GPs secure government deal to run out-of-hours services in Northern Ireland

The Northern Ireland government has approved proposals for GPs to take back control of out-of-hours services.

Dr Tom Black: out-of-hours agreement secured
Dr Tom Black: out-of-hours agreement secured

GP leaders have been locked in negotiations for months over a strategic framework agreement on the future shape of services.

GPs want to avoid attempts to replicate England's controversial NHS 111 service, instead proposing a GP-led service with increased funding.

Out-of-hours care made headlines in Northern Ireland last summer after recruitment and retention problems left sessions unfilled.

GPC Northern Ireland wants all services run by mutuals, but no return to individual or practice responsibility. Currently three out of five local out-of-hours services are provided by health and social care trusts, and two by GP mutuals.

Health minister Edwin Poots has now approved the Health and Social Care Board (HSCB)-led consultation process and strategic framework.

GPC Northern Ireland chairman Dr Tom Black told GP the framework agreement was the basis for further discussion on mutual organisations, funding arrangements and workforce terms and conditions.

The original proposals from the HSCB, he said, mirrored England’s NHS 111, but NIGPC had resisted a centralised, low-skilled call handler model.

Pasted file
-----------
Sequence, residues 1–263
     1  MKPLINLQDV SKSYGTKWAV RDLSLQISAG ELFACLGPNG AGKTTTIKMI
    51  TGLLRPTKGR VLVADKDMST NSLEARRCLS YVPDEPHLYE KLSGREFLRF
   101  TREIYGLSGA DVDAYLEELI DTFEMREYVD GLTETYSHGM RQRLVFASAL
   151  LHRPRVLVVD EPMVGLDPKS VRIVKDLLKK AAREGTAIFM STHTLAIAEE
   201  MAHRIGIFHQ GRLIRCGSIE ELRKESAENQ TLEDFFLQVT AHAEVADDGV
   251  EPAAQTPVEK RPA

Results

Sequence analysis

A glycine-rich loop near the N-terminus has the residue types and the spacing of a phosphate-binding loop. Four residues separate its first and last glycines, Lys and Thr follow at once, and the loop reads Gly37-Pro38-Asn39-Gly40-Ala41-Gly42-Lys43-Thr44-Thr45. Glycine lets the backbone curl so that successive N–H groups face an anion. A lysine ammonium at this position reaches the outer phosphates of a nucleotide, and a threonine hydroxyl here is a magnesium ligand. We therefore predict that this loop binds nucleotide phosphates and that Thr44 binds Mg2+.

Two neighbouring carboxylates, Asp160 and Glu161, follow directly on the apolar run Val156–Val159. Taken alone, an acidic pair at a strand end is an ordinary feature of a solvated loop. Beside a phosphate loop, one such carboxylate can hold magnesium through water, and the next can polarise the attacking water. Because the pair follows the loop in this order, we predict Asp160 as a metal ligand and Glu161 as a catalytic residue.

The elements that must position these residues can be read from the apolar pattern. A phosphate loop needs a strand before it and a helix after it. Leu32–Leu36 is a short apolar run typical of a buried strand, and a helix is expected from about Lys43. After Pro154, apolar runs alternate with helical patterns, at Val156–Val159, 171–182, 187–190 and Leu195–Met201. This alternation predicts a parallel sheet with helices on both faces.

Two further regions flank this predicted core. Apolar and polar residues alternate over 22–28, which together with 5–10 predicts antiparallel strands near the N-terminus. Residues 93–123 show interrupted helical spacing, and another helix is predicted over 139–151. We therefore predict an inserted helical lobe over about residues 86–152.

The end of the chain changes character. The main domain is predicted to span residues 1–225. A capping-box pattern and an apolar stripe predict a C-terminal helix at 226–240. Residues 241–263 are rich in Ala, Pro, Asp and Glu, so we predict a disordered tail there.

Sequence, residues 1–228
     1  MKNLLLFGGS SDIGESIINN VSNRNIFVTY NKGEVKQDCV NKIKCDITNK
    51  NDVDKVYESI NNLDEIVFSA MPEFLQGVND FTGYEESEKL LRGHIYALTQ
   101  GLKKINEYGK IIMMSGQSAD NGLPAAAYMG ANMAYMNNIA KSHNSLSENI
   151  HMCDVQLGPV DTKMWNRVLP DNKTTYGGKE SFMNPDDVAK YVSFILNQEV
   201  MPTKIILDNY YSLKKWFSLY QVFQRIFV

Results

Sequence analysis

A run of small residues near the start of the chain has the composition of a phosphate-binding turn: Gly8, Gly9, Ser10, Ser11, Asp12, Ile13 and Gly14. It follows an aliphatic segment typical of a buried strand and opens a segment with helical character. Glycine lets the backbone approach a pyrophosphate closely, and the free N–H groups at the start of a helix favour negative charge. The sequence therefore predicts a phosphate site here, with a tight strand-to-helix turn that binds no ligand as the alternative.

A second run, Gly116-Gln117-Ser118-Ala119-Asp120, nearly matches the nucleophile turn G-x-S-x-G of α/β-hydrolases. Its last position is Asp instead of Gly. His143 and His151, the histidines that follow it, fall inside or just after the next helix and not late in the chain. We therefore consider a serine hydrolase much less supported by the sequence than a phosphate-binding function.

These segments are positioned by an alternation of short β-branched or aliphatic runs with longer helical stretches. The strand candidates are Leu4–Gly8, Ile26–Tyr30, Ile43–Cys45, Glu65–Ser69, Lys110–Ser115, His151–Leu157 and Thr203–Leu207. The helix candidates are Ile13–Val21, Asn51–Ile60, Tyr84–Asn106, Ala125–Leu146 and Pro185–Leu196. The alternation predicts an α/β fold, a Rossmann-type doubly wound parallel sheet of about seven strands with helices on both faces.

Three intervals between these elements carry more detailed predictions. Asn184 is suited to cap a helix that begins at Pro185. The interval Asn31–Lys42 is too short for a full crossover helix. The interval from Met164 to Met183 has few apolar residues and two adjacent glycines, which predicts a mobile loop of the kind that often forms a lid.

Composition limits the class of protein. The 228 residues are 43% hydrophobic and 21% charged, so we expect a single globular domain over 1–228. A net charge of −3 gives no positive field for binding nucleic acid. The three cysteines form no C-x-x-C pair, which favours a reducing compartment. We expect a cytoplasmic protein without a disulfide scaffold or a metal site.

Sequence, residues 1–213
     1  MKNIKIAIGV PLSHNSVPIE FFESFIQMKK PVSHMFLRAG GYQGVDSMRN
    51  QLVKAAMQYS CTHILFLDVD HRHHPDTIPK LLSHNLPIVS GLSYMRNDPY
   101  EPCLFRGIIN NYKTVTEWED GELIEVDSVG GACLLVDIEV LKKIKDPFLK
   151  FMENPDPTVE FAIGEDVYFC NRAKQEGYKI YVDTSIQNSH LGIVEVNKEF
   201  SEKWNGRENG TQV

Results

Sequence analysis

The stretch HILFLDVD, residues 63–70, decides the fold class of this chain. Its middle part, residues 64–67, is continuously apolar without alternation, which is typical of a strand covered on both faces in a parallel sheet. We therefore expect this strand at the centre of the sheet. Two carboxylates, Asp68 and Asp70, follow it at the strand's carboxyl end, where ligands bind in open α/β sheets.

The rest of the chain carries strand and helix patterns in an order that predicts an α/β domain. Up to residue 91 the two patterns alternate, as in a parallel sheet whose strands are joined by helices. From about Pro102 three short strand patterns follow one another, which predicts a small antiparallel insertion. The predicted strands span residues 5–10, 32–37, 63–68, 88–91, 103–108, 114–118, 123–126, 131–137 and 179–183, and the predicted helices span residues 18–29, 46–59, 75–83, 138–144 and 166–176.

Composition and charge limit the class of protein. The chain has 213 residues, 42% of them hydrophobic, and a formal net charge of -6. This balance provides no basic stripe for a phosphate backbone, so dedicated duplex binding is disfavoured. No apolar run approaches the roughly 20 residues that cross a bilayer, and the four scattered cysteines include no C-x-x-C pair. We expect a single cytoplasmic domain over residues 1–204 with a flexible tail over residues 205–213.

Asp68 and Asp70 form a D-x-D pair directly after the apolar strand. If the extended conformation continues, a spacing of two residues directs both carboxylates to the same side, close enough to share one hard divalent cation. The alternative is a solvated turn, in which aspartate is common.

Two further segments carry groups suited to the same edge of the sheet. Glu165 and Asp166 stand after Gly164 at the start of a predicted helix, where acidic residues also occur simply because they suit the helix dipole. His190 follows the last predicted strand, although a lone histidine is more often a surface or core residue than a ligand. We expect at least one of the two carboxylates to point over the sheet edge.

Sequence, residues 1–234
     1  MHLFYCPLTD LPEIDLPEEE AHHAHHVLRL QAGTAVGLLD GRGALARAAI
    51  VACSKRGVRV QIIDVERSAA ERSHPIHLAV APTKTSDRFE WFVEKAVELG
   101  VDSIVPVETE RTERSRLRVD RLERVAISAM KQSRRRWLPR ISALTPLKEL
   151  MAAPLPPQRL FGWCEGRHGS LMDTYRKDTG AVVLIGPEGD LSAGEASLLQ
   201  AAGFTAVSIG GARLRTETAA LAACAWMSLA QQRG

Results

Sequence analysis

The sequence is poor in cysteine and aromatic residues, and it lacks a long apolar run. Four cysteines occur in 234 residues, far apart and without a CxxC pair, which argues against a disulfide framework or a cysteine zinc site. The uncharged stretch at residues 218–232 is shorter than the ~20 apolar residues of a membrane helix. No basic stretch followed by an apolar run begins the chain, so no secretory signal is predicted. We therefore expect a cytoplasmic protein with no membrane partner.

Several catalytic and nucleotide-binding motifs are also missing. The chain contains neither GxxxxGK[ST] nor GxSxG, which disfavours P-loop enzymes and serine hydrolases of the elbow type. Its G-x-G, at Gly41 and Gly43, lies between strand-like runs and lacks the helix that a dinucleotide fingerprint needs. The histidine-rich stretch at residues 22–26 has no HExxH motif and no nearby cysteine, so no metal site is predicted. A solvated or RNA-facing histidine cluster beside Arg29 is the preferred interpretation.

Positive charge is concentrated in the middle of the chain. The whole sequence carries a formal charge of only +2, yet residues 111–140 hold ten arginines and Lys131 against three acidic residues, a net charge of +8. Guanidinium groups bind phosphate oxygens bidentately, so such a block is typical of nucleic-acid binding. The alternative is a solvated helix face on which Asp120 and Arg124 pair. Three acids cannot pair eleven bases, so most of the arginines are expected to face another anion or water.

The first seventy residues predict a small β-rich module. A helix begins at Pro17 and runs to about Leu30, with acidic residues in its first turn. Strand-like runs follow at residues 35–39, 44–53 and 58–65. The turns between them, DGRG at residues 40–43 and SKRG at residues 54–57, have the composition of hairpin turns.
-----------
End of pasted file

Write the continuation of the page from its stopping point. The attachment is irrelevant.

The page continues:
Out-of-hours services were an integral part of general practice, said Dr Black, although NIGPC is not in favour of a return to practice or personal responsibility which would further damage recruitment and retention.

‘We should be responsible for the delivery of out-of-hours care - we should be responsible for ensuring the quality standards, and the service should be delivered by GPs,' he said.

Following agreement on the framework GPC Northern Ireland is working to ensure proper funding, service provision by GP mutuals, and to agree terms and conditions to attract GPs into out-of-hours care.

The government is understood to have proposed a 10% funding increase to the services, but Dr Black has called for a rise closer to 70%.

‘Out-of-hours in Northern Ireland cost £21m, that’s £11 per patient per year. You wouldn't spend that on your hamster insurance,' he said. ‘It would take a 70% increase in funding to reach the level of the lowest funding of the other countries, which is Wales.’

Funding had been been cut from £23m when HSCB took it over in 2004 to £21m today, he said.

Mr Poots said the framework agreement was the next step towards a more effective and efficient out-of-hours service.

Head of general medical services at HSCB Dr Margaret O’Brien said significant improvements had already been made to processes, commissioning and quality standards and the strategic framework would complement and enhance that work.

'The framework also seeks to improve patient access through the development of a single number to access GP out-of-hours services, supporting the ultimate aim of delivering an urgent care number service for Northern Ireland,' she added.

Dr Black welcomed the agreement and the Board’s assurances, but warned: ‘It is vitally important that we learn from the problems experienced during the implementation of a "111" number in England.'

  • See the 3 March issue of GP magazine for an exclusive interview with Dr Black on his vision for general practice in Northern Ireland.

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